reflections on death by auto
- Hi All,
Today is the fourth anniversary of the car crash in which my parents were badly injured. My mother died 3 1/2 years later as a fairly direct result of her injuries. My father eventually recovered physically but was already suffering from the dementia that finally caused his death a few weeks after my mother died. So it's already a somber day.
Word came late last week that the nephew of my father's dedicated caregiver was killed in a hit-and-run in Hamburg, DE, two weeks ago. Germany has only 1/10th the number of road deaths as the USA despite having a population about 1/3 as large. Still, you're not safe on the streets there, either.
This morning there was the story below about a Green Party candidate for the US Senate who was struck and killed while cycling.
I'm sitting here thinking that we're not making progress.
Md. Green Party candidate for U.S. Senate dies
Natasha Pettigrew, 30, had been training for a triathlon.
By Josh White and Matt Zapotosky
Washington Post Staff Writers
Wednesday, September 22, 2010
A 30-year-old Green Party candidate for the U.S. Senate died late Monday night, less than two days after she was hit by a car while riding her bicycle in the Largo area, authorities said.
Maryland State Police said Natasha Pettigrew died at a Prince George's Hospital Center at 10:30 p.m. Monday. She had been critically injured on Route 202 about 5:30 a.m. Sunday while training for a triathlon, police said.
In a statement, Maryland Green Party co-chairman Brian Bittner said that Pettigrew had "incredible potential as a future leader for this party and this state" and that the Green Party had "never experienced a loss like this."
"We all looked forward to working with Natasha for years to come," Bittner said.
Pettigrew was hit by a sport-utility vehicle traveling near the intersection of Campus Way. State police said the driver apparently thought she had hit a deer or another animal and realized what had happened only when she arrived home and found Pettigrew's bicycle trapped under her car. Pettigrew was not dragged by the vehicle but suffered severe injuries, police said.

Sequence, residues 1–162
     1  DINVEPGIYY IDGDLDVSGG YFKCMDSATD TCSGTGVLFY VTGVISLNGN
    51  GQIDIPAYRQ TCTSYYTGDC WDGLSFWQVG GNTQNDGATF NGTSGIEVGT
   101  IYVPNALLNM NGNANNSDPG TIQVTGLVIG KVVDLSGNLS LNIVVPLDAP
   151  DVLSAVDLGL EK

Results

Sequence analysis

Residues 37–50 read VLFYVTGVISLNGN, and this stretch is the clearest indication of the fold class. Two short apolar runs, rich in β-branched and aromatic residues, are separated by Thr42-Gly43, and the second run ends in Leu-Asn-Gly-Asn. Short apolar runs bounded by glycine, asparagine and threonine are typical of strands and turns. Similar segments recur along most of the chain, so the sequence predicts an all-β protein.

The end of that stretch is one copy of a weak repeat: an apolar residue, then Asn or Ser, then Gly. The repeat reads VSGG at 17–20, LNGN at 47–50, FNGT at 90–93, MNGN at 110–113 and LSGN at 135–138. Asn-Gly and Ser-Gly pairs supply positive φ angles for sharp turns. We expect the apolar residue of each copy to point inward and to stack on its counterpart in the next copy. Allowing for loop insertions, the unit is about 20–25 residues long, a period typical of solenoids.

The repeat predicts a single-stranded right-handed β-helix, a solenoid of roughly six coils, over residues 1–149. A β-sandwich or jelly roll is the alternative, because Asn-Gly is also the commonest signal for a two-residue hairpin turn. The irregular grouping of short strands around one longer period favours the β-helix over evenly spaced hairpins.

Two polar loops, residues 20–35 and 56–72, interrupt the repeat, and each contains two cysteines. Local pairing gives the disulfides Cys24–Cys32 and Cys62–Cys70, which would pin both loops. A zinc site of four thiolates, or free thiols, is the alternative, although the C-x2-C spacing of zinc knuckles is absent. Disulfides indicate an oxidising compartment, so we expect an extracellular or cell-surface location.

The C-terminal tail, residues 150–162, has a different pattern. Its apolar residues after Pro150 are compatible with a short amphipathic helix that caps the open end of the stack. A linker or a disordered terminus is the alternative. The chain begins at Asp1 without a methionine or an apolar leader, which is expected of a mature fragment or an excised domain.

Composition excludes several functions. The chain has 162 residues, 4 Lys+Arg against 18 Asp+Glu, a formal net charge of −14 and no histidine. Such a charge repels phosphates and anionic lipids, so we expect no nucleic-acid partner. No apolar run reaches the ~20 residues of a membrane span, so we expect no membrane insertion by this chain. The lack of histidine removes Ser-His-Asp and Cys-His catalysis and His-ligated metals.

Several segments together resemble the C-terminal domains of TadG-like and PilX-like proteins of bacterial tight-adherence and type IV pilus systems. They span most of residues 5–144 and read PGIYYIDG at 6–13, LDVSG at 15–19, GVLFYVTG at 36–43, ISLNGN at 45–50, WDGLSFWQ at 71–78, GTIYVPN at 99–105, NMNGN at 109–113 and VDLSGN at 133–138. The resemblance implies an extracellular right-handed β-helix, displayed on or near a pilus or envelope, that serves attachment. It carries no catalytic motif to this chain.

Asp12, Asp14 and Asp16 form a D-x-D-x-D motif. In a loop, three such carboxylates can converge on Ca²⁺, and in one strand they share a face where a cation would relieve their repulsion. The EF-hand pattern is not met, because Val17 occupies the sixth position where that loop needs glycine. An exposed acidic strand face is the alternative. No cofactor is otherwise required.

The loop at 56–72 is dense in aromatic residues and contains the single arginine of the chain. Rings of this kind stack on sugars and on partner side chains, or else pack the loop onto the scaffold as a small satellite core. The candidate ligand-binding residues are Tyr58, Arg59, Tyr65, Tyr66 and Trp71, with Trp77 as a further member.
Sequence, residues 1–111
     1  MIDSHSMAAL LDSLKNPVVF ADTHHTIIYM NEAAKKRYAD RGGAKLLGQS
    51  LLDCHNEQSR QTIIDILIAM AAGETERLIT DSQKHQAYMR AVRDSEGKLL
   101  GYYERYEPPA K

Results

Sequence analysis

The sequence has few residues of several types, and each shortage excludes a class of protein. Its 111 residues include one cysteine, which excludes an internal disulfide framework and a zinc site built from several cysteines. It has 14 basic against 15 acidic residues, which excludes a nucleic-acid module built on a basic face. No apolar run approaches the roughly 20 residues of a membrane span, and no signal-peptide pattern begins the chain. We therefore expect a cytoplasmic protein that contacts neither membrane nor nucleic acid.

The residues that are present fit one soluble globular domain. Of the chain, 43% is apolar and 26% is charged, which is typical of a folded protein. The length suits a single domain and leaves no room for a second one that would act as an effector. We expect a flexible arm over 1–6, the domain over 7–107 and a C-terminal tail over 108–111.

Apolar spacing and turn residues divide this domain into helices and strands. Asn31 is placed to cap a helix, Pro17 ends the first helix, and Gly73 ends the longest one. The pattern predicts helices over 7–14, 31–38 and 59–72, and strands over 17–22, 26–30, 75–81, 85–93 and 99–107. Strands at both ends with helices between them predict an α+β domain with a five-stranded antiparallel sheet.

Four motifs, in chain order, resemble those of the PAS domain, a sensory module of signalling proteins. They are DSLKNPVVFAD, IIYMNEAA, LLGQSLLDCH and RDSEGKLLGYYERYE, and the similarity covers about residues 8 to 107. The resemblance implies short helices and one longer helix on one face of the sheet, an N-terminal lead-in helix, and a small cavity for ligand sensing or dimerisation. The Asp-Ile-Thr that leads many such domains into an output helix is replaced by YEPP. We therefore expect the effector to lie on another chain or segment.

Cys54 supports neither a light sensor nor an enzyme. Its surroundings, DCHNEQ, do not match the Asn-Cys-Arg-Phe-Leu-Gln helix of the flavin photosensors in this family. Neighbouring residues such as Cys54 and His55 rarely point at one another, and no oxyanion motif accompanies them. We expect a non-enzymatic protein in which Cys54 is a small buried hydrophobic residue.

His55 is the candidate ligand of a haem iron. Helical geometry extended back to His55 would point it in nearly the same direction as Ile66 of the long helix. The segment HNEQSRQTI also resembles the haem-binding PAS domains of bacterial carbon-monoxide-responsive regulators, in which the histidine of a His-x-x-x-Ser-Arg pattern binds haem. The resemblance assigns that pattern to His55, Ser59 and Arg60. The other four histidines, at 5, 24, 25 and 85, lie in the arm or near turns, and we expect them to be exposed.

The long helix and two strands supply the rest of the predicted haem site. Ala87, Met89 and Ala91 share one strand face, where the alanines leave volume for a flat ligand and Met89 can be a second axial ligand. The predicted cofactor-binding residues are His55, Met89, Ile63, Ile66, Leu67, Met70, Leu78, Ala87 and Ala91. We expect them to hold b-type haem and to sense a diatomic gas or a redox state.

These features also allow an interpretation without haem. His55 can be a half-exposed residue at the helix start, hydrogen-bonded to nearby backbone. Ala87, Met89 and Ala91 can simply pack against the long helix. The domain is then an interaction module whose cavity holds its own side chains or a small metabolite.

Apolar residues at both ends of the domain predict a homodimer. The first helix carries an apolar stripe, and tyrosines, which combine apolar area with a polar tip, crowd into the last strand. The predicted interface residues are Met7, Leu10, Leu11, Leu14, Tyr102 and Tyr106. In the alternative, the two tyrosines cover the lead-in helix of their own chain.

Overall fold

The driver, who police identified as Christy R. Littleford, 41, called Prince George's County police sometime before 6:30 a.m. on Sunday to report the crash. County police then relayed the information to state police, who were on the scene.
"She had driven to her home and called from her home," said Greg Shipley, a Maryland State Police spokesman. "The initial indication was that she thought she may have hit a deer or an animal in the roadway. . . . When she arrived home and saw the bicycle, she assumed it was something else."
Shipley said investigators are trying to determine whether Pettigrew had reflective clothing on or had operating lights during her pre-dawn ride, but it was not obvious at the scene that she did.
Police said it does not appear that alcohol or drugs were a factor in the crash. State police are investigating the incident, and no charges have been filed.
Pettigrew was born in the District and later moved to Maryland, graduating from Elizabeth Seton High School in Bladensburg. She graduated from Ohio State University and started law school at the University of Miami in Florida in 2008 before taking a break to run for the Senate seat held by Barbara A. Mikulski (D).
Littleford could not be located for comment.
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J.H. Crawford . Carfree Cities
mailbox@... . http://www.carfree.com
- As a multi-election Green Party candidate in Canada, I usually campaigned by
bike, or should I say trike, as I used a hand-built recumbent cargo trike,
so I could carry signs and posts and installation tools with me.
The hit-and-run aspect of this particilar collision is becoming too
tragically common. It must be the increased weight and size of the average
motor vehicle, meaning the impact is less jarring to the driver. Even
though population obesity has also increased during the same period, those
walking and cycling are probably less likely to be affected by that.
The mention of what the victim was wearing -- whether she had
retroreflective top-layer of clothing -- seems to be calculated to assauge
driver guilt, even though there is no requirement to wear it (although most
jurisdictions require retroreflective gear on the bike). What the reporter
didn't mention is whether the cyclist was hit by other vehicles as a result
of the first driver to hit her not stopping to aid her and divert other
drivers around the spot on the road she landed.
Is there any book that truly measures the impact of the car on the
vulnerable? Aren't speed limits too high and vehicle sizes too large for
use on mixed-mode roadways?
Chris Bradshaw, Ottawa, Canada